- The Washington Times - Friday, February 18, 2000

China maneuvers

The Pentagon is closely watching southern China for any signs the People's Liberation Army will conduct threatening military exercises in the next few weeks. The big concern is that the PLA will use the exercises to threaten Taiwan in the period before presidential elections now set for March 18.
One recent Chinese news report said the PLA planned to conduct air-defense exercises later this month, but so far there are no signs.
"We're just not seeing any movement right now that would portend this exercise," a military official told us. "They have a lot of 'paper' exercises saying they are doing things without actually moving stuff around. But that's not to say they aren't spring-loaded to do something."
During 1996 military exercises the PLA fired test missiles north and south of Taiwan in what U.S. officials said was an effort to intimidate the Taiwanese before the vote. The United States responded by sending two aircraft carriers to waters near the island.
Flights by both Chinese and Taiwanese jets along the demarcation line running through the Taiwan Strait are continuing at low levels, the official said.

More Marines say no

Gen. James Jones, the Marine Corps commandant, has sent a message to the fleet naming replacements for seven colonels who turned down command assignments.
Some Marine officers say the high number shows the Corps is losing its allure among some senior officers.
But Maj. Patrick Gibbons, a spokesman for Gen. Jones, maintains that the number of turn-downs went up from two last year because the commandant changed the assignment system. He explained the change:
When Gen. Jones became the top Marine last summer, one of his reforms was to open up the yearly command selection process.
In the past, the board of nine generals would select some 50 commanders, then manpower personnel would talk to the selectees about assignments. If anyone declined, an alternate was picked.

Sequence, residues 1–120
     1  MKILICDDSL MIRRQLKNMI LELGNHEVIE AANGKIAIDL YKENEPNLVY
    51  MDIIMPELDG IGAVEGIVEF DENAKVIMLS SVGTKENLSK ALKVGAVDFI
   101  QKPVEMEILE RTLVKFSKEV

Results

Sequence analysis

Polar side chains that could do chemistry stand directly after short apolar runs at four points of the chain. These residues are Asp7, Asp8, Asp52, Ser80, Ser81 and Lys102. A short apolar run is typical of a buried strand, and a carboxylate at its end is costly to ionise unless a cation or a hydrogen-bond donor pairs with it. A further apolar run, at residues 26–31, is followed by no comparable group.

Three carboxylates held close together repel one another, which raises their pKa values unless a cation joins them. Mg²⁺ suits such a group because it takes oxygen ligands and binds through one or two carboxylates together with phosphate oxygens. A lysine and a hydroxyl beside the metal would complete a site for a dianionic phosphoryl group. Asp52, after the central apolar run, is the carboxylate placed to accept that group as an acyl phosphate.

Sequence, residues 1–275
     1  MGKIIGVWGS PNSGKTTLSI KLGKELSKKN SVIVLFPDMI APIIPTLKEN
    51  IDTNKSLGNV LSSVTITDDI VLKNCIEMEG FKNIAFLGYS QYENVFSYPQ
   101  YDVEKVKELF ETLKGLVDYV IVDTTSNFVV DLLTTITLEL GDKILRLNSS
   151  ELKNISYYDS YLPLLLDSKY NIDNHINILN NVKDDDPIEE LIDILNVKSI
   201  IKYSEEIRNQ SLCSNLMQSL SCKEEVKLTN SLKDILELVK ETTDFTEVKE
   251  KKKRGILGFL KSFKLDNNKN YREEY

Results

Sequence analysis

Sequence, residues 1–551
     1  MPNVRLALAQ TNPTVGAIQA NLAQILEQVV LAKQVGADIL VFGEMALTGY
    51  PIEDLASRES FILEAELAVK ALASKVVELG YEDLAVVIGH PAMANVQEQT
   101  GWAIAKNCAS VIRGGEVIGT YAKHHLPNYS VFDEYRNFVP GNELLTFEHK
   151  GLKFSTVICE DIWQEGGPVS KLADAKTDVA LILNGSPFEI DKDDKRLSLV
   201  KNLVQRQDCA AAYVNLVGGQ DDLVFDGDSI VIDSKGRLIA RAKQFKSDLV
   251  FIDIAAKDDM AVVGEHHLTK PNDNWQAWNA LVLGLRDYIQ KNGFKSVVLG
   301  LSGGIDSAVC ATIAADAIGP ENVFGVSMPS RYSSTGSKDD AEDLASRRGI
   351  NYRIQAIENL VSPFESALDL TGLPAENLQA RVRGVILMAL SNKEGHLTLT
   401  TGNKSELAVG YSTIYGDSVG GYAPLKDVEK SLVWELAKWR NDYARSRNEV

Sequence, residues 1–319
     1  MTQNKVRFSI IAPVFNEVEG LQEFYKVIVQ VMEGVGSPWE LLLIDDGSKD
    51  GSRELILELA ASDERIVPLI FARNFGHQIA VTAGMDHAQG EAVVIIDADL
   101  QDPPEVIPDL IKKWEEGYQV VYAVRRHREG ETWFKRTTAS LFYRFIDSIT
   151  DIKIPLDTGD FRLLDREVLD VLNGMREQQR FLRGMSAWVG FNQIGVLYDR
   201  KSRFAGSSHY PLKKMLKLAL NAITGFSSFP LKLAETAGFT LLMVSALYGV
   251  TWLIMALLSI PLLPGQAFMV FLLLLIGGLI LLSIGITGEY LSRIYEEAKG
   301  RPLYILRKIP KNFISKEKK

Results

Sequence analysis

But the private contacts created the appearance of favoritism. So Gen. Jones ordered the board to make both the selections and assignments in one motion. Those who declined were replaced in the commandant's message.
"There was a possible perception of favoritism," Maj. Gibbons said. "We always had confidence in it but I think Gen. Jones wanted to be as straight up as he could."
One Marine officer with whom we spoke was skeptical.
"There's a lot of good guys who didn't get a command who'd kill for a chance to command a battalion, squadron or Marine barracks," he said. "They'd never dream of saying 'no' because their wife had a good job or the kids like their school. I must be missing something, but it must mean to some of these officers that the relative value of command has declined."

Arming Africa

Defense Secretary William S. Cohen completed a visit to Africa this week that was nearly invisible to the U.S. news media. Mr. Cohen cut short his trip to Morocco and South Africa after a sandstorm prevented him from flying to Nigeria.
In preparation for the visit, the Defense Intelligence Agency recently wrote up a classified report on the arms flow to the Democratic Republic of Congo. According to DIA, Congolese President Laurent Kabila concluded a secret agreement with Zimbabwean President Robert Mugabe in October.